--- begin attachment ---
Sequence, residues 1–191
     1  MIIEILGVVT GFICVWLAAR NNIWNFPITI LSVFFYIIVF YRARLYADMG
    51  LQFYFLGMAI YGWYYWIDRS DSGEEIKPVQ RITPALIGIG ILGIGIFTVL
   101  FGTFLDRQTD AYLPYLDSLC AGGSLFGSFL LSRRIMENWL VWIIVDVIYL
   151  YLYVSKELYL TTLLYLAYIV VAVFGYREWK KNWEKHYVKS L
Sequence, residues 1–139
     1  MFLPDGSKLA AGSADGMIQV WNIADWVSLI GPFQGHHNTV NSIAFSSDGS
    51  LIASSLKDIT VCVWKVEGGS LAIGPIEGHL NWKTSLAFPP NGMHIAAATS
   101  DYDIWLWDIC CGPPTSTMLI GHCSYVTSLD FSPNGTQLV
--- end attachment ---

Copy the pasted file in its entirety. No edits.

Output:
Sequence, residues 1–191
     1  MIIEILGVVT GFICVWLAAR NNIWNFPITI LSVFFYIIVF YRARLYADMG
    51  LQFYFLGMAI YGWYYWIDRS DSGEEIKPVQ RITPALIGIG ILGIGIFTVL
   101  FGTFLDRQTD AYLPYLDSLC AGGSLFGSFL LSRRIMENWL VWIIVDVIYL
   151  YLYVSKELYL TTLLYLAYIV VAVFGYREWK KNWEKHYVKS L
Sequence, residues 1–139
     1  MFLPDGSKLA AGSADGMIQV WNIADWVSLI GPFQGHHNTV NSIAFSSDGS
    51  LIASSLKDIT VCVWKVEGGS LAIGPIEGHL NWKTSLAFPP NGMHIAAATS
   101  DYDIWLWDIC CGPPTSTMLI GHCSYVTSLD FSPNGTQLV